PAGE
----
The American Secretary of State Condoleezza Rice is in Israel for talks aimed at advancing the stalled Middle East Peace Process. She told reporters that she would press for the easing of restrictions on Palestinians living in the West Bank. Her visit coincides with the opening of an Arab Summit in neighboring Syria, one of the Arab world's most persistent critics of US policy. The main Arab allies of the United States, Egypt, Jordan and Saudi Arabia sent only low-level delegations to the meeting. They blame Syria for the political crisis in Lebanon and oppose its support for the militant group Hamas and Hezbollah. Syria has accused the US of trying to undermine the summit. Syrian government minister Doctor Bouthaina Shaaban said it was gratifying that the summit would proceed despite US pressures.

"I don't think there is any block to the summit at all, I think we take into account the pressures that have been exerted by Dick Cheney and Condoleezza Rice, and others for some Arab leaders not to come, we would find it’s gratifying that so many Arab leaders did come to the summit."

The British military in Basra says its forces have been involved in the fighting between the Iraqi army and Shiite militiamen for the first time. The British military spokesman Major Tom Holloway said British artillery fired at an insurgent at the request of the Iraqi forces who had come under attack. Until now, British involvement in Southern Iraq has been limited to surveillance flights.

World News from the BBC.

One of the Democratic Party contenders for the US presidency Hillary Clinton has rejected calls by supporters of her rival Barack Obama to abandon her campaign. She was responding to comments by Senator Patrick Leahy, supporter of Mr. Obama, who said that by remaining in the race, she was helping the Republican candidate John McCain. Mrs. Clinton is trailing Mr. Obama in a number of delegates needed to obtain the nomination, but the latest opinion polls show her leading Mr. Obama in the next major primary in Pennsylvania.

There has been disruption for a third day at the new terminal at Healthrow Airport in London. Nearly 70 British Airways flights have been canceled and more cancellations are expected on Sunday. British Airways has told the BBC that at least 15,000 bags are stranded at different terminals at the airport. A passenger on route to Cyprus Peter Williams told the BBC his flight would be leaving without any luggage on board.

"There seems to be a very big problem with the luggage system at Terminal Five still, er, because we've just been given the choice of either getting off the plane and not flying to Larnaka today but with no guarantee when we could get our bags from Terminal Five or staying on the plane but not flying with our bags."

The government of Afghanistan has condemned a television program that showed pictures of men and women dancing together. The Ministry of Information and Culture said the dancing which were shown on Tolo TV was against the beliefs and traditions of Islam in Afghanistan and undermined the morals of the young. It said the broadcast would be referred to a government media monitoring body to decide if it has broken the law. Tolo TV is one of Afghanistan's most popular channels.

And here in Britain, Oxford have beaten Cambridge to win the 154th university boat race. Oxford the heavier crew took the lead halfway through the race on the River Thames and won easily by more than six lengths. It was the slowest race since 1947. Cambridge lead the series with one dead hit in 1877.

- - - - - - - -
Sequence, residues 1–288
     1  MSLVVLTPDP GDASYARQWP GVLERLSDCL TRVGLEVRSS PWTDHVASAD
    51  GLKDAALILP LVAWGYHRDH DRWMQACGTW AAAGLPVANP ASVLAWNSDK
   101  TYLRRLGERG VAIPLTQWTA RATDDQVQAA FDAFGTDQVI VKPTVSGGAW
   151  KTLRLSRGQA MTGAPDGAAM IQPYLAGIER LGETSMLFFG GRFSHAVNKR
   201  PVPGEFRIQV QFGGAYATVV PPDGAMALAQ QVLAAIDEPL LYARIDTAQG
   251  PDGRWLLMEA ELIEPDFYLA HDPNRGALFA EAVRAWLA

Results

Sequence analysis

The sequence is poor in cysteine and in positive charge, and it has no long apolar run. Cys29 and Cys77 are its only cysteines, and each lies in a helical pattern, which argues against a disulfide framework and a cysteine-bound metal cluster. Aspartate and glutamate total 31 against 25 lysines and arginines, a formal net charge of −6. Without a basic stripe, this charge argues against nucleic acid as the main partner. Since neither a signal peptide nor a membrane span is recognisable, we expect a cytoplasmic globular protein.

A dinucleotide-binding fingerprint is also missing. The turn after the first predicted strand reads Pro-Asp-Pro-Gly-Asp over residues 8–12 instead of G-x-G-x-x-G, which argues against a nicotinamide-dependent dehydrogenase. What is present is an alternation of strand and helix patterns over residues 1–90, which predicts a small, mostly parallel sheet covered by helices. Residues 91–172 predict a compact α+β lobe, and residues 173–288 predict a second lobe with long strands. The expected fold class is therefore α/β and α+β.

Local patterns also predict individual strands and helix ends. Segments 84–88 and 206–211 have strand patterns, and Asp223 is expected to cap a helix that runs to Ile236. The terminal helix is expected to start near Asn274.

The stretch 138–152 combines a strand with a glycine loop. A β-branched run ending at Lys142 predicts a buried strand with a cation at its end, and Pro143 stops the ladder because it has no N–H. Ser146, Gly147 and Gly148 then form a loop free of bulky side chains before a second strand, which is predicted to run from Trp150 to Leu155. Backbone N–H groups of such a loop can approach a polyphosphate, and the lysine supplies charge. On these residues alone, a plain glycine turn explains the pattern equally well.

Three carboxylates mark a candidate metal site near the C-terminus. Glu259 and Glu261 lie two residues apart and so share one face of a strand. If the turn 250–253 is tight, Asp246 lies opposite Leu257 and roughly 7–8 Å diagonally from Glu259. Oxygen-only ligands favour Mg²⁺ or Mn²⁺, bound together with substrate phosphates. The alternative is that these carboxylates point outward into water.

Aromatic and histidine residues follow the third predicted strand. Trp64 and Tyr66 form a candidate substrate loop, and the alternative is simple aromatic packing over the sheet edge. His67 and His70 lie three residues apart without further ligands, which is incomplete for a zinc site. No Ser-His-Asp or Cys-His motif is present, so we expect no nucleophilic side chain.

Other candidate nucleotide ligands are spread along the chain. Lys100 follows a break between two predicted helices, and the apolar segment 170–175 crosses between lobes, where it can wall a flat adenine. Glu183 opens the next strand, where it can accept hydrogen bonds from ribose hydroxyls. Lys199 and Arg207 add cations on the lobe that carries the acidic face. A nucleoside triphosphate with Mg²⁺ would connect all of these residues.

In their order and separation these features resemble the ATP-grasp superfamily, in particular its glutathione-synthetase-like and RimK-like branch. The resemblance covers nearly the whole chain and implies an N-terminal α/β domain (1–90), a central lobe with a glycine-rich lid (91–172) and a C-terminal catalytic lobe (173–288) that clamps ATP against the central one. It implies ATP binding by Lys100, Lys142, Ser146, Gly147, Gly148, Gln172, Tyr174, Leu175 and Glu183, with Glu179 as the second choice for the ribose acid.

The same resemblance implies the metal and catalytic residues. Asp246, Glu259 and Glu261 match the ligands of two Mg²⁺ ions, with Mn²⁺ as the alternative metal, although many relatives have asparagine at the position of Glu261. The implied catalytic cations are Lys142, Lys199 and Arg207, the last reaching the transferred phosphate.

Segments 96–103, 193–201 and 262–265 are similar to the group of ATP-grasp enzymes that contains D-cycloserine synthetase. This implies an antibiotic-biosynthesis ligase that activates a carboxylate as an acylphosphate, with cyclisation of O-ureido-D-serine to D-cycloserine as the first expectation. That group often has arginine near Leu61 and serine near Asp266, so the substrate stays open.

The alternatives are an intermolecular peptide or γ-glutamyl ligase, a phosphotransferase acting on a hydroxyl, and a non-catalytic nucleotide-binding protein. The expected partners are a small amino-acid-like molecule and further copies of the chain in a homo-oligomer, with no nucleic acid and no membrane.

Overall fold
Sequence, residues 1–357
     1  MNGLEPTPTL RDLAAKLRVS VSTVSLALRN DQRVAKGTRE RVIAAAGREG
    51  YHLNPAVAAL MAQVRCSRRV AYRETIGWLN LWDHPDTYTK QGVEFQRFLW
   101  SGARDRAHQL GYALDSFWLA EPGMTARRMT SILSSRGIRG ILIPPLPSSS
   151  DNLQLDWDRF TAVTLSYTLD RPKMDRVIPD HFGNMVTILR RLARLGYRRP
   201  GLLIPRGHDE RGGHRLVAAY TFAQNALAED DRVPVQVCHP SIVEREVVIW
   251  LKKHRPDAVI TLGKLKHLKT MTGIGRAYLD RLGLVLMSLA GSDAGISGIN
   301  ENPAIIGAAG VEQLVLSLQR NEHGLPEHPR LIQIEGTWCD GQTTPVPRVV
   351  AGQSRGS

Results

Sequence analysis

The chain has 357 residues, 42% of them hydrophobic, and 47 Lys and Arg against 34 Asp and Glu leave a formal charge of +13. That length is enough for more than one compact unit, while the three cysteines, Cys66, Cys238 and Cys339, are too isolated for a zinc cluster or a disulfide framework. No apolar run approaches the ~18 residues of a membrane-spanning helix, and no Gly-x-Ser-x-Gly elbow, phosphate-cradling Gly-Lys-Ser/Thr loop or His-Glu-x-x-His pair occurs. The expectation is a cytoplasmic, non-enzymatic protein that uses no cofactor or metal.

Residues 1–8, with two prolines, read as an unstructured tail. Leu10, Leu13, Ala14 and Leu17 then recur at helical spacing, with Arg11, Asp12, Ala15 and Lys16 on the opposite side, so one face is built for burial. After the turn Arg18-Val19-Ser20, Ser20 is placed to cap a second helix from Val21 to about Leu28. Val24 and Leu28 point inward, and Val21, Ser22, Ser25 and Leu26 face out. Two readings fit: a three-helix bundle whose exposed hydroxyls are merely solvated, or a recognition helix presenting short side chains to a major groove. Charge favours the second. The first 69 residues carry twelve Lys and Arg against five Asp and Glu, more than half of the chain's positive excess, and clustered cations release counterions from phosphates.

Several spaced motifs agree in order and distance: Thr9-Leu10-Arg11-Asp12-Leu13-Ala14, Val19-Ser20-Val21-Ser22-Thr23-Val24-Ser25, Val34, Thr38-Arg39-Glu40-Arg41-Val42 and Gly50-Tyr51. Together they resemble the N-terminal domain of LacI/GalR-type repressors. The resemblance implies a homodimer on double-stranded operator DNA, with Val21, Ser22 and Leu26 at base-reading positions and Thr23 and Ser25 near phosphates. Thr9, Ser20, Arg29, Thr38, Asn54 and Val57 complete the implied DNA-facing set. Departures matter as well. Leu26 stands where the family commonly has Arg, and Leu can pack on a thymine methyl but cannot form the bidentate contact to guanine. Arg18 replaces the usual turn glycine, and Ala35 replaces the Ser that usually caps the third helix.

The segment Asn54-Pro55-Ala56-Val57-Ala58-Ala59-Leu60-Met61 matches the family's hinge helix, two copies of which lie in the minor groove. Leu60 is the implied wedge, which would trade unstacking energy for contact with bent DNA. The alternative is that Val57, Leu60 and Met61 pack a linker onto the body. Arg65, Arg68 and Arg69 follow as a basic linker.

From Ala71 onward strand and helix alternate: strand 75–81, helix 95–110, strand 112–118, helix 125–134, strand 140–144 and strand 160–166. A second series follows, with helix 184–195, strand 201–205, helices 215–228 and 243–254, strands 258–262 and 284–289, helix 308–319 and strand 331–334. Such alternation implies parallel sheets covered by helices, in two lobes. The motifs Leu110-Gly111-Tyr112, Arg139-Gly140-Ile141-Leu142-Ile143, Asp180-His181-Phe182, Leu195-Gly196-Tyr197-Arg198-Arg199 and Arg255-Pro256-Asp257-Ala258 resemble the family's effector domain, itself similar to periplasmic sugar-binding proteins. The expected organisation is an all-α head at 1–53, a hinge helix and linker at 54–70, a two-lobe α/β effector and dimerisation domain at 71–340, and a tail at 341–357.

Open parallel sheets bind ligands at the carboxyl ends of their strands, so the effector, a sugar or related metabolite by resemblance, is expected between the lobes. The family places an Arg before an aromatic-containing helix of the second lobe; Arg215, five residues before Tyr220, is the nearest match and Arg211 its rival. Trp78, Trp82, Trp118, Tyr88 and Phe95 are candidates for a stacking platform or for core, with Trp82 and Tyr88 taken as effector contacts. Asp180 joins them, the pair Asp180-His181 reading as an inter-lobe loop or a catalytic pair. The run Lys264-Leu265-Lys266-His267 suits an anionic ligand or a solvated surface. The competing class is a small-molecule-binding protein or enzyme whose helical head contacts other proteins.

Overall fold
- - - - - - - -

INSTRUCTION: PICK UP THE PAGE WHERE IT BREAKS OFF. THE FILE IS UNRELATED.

BBC News.

1

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[ 本帖最后由 jakiegong 于 2008-3-30 16:53 编辑 ]
1

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  • woodsouth

on 小长颈鹿

BBC News with Jonathan Izzard.

Voting has ended in Zimbabwe where President Robert Mugabe is standing for a sixth term in office. Despite opposition claims of vote rigging, the Chairman of Zimbabwe's Electoral Commission George Chiweshe said he was not aware of any problems. Our Southern Africa correspondent Peter Biles reports.

It's likely to be a day or two at least before all the results from these elections are declared. The process is unusually complicated because for the first time in Zimbabwe four separate polls have been taking place. There's the presidential election, voting for the two Houses of Parliament and local council elections. It's thought the counting and collation of the presidential votes could take the longest. Although there were long queues of voters at some polling stations in the capital Harare, the overall turnout could be quite low. The votes from the countryside where around 2/3 of the election leaves will be decisive.

The Iraqi authorities have extended the curfew in the capital Baghdad indefinitely. It was imposed on Thursday and was to expire in a few hours time. From Baghdad, Crispin Thorold reports.

The enforcement of curfew in Baghdad on Thursday night was a sign of how much security in the capital had deteriorated in a short time. It was meant to come to an end early on Sunday morning, the start of the working week. Now the government extended the curfew indefinitely. That's a decision that will damage the capital economically as well as inconvenience in the people who live here. But the security forces hope a continuing curfew would give them time to get greater control of the areas of the capital where there are still clashes.

The American Secretary of State Condoleezza Rice is in Israel for talks aimed at advancing the stalled Middle East Peace Process. She told reporters that she would press for the easing of restrictions on Palestinians living in the West Bank. Her visit coincides with the opening of an Arab Summit in neighboring Syria, one of the Arab world's most persistent critics of US policy. The main Arab allies of the United States, Egypt, Jordan and Saudi Arabia sent only low-level delegations to the meeting. They blame Syria for the political crisis in Lebanon and oppose its support for the militant group Hamas and Hezbollah. Syria has accused the US of trying to undermine the summit. Syrian government minister Doctor Bouthaina Shaaban said it was gratifying that the summit would proceed despite US pressures.